Using Petitions to Send More Targeted Email

Nonprofit Petitions

We’ve recently written about both behavioral and fundraising segmentation, as well as how to combine both to create dynamic segments. We wrote about how to segment supporters who have recently engaged with your emails but have not donated in the last quarter. Next, we’re going to discuss how to collect your own interest data to use for your segments.

In most of our conversations with nonprofit marketers, we hear that it’s challenging to send relevant content for every reader. Nonprofits either don’t have the tools or the data to know what might be relevant to each reader. We think that collecting the data should be the easy part, so we’re going to discuss one of our favorite techniques to learn more about your base.


Using Petitions

Using petitions is a great way to let your constituents tell you what’s important to them. Besides self reporting, petitions can also help gauge and present the support you have for an issue. Your communication strategy should include petitions because they give you some concrete issues that you can discuss. You can make petitions for any of your issues and then drive traffic to those pages through email, social, paid advertising, or your blog. It’s easy to measure how well each petition performs by determining what percentage of people who land on the petition page sign up, how many new supporters the petition adds to your list, and, longer term, which subset of supporters contributes most often.

Petition Examples

Some organizations do a great job with petitions. Organizations like the ACLU use petitions as one of their main website engagement tools. It gives their supporters a way to interact with the important issues they care about. The ACLU can use the list of names they collect for each issue to show that they have support behind the issues they are working on, but it also gives them an idea of what issues are most important to their base. Plus, the ACLU can also use the issue data they collect to inform the conversACLU Petitionation they have with each supporter.

Another organization that does a nice job with petitions is The Massachusetts Democratic Party. Their petitions are also used to advocate for political issues and help them to understand their supporters. Matt Fenlon, the Mass Dems Executive Director, told us that for them, petitions are “a great way to mobilize and engage thousands of people across the state on behalf of a candidate, cause, or policy. Once we know which issues people care about, it allows us to use targeted communications and activate cross-sections of grassroots networks around the issues important to them.”

Both the ACLU and the Mass Dems are able to interact with their supporters in a more personal way because they are essentially doing a live poll of their base for each issue.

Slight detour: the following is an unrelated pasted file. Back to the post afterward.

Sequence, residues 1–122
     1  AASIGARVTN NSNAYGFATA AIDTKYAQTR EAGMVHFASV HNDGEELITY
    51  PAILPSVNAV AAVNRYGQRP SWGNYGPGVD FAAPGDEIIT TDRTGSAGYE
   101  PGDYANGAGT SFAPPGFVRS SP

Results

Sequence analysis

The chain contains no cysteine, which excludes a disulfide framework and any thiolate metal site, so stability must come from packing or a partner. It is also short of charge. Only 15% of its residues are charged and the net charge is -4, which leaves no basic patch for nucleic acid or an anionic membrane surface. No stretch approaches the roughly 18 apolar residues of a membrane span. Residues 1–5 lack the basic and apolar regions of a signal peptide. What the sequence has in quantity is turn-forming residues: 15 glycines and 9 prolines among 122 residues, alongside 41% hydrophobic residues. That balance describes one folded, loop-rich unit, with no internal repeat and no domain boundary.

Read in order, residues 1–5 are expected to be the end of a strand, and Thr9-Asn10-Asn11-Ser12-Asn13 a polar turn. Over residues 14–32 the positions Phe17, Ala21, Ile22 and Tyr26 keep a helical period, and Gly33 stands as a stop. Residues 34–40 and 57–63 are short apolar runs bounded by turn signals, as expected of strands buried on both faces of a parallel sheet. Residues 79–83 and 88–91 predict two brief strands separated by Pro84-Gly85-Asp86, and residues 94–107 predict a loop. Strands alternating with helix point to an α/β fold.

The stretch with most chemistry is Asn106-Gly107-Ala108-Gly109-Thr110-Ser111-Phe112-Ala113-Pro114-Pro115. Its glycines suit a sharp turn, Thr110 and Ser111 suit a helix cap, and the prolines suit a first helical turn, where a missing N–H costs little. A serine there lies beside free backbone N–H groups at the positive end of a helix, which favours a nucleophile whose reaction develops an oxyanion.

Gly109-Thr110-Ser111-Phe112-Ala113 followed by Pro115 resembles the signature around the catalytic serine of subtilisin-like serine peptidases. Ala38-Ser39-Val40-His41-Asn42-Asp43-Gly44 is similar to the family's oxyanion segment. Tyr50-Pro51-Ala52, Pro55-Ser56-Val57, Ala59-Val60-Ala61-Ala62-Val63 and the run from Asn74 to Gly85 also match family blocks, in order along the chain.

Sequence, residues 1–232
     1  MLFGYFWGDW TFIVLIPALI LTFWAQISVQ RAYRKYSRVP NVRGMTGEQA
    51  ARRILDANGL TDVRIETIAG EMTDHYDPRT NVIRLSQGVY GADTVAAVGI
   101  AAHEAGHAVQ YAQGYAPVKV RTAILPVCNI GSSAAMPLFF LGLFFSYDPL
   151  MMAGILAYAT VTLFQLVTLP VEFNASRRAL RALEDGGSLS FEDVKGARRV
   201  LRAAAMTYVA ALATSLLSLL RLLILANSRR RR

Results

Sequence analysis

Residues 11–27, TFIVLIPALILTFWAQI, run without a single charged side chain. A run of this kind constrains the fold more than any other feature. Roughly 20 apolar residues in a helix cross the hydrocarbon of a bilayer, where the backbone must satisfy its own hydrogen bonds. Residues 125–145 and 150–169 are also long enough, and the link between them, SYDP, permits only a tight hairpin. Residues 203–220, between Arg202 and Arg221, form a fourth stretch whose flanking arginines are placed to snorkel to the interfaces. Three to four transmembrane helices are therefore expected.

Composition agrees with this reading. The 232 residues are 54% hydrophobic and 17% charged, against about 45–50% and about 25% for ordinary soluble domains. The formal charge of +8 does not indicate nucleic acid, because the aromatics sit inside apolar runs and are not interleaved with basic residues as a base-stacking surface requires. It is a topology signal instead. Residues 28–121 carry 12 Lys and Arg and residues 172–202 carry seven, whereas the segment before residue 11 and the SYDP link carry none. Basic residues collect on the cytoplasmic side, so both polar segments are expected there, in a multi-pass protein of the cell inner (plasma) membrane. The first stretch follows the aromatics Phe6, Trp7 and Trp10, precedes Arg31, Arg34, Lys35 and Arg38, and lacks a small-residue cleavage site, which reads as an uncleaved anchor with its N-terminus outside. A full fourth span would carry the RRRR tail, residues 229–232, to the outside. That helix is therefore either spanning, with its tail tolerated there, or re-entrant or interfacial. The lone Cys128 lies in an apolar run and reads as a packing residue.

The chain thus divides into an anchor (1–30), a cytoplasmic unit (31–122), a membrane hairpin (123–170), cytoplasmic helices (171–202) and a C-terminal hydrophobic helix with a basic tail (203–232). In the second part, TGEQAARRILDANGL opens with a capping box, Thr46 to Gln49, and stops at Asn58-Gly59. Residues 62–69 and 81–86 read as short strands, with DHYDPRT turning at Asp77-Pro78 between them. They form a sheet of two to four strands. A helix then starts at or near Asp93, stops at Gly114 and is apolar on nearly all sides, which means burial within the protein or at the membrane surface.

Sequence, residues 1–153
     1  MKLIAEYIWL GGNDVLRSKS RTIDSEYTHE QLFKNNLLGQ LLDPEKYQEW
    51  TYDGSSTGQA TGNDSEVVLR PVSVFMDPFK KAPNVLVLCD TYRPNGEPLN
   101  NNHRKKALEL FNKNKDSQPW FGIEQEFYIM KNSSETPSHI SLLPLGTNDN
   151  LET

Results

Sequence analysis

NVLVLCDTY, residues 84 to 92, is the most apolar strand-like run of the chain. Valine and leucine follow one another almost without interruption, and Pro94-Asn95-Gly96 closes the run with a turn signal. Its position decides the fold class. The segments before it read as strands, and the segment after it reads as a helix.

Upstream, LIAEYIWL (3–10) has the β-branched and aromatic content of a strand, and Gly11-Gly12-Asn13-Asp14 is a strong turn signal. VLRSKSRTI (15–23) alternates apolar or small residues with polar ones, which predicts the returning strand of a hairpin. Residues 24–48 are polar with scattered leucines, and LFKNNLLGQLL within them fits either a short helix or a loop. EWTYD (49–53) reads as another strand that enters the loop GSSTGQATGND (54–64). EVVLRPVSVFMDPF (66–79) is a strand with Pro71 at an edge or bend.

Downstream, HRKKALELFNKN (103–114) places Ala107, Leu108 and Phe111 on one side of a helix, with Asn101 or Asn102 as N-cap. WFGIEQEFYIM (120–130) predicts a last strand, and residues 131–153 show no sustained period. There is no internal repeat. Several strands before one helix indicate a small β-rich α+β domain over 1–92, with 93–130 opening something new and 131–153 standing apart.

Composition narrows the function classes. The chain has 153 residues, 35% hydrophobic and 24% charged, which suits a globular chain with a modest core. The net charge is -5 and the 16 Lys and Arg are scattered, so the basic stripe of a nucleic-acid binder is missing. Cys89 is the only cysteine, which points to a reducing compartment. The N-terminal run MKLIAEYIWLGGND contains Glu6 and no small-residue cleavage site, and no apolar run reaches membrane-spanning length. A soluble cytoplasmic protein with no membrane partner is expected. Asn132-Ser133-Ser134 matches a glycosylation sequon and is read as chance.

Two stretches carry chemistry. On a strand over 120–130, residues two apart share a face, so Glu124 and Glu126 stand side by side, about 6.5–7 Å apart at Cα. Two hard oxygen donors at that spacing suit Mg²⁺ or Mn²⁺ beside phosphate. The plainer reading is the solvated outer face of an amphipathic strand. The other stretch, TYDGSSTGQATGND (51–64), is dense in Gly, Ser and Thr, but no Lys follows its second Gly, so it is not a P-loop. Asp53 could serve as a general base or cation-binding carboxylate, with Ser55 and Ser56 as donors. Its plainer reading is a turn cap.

Your Next Steps

Creating petition pages should be easy. You can use a company like Unbounce, Wufoo or Privy to create really nice looking (and free) landing pages. The data that the petition collects will sync with Klaviyo or your current email platform. You can also embed or host a Klaviyo customizable sign up page to have this data flow straight into Klaviyo. Either of these options will allow you to ask supporters or other interested site visitors to associate themselves with an issue that’s important to them. This, in turn, will allow you to communicate with those people in a targeted, relevant way.

The Bottom Line

Most organizations we talk to are really interested in communicating in a more engaging, but scalable way. Using petitions to better understand what each of your supporters is interested in and then engaging them with content about those interests is a great way to to do just that. It shouldn’t be a mammoth project, so take a crack at creating a new petition and see if you can start to build a more engaging email strategy.

Get more Information About Klaviyo for Nonprofits:



5 Ways Customers Can Subscribe to Your Email List



4 Ways to Optimize Your Shopify Abandoned Carts



3 do’s and don’ts of using emojis in your emails ?


.yuzo_related_post img{width:260px !important; height:250px !important;}
.yuzo_related_post .relatedthumb{line-height:16px;background: !important;color:!important;}
.yuzo_related_post .relatedthumb:hover{background:#ffffff !important; -webkit-transition: background 0.2s linear; -moz-transition: background 0.2s linear; -o-transition: background 0.2s linear; transition: background 0.2s linear;;color:!important;}
.yuzo_related_post .relatedthumb a{color:#323b43!important;}
.yuzo_related_post .relatedthumb a:hover{ color:}!important;}
.yuzo_related_post .relatedthumb:hover a{ color:!important;}
.yuzo_related_post .yuzo_text {color:!important;}
.yuzo_related_post .relatedthumb:hover .yuzo_text {color:!important;}
.yuzo_related_post .relatedthumb{ margin: 0px 0px 0px 0px; padding: 5px 5px 5px 5px; }

jQuery(document).ready(function( $ ){
//jQuery(‘.yuzo_related_post’).equalizer({ overflow : ‘relatedthumb’ });
jQuery(‘.yuzo_related_post .yuzo_wraps’).equalizer({ columns : ‘> div’ });

Back to Blog Home
Get email marketing insights delivered straight to your inbox.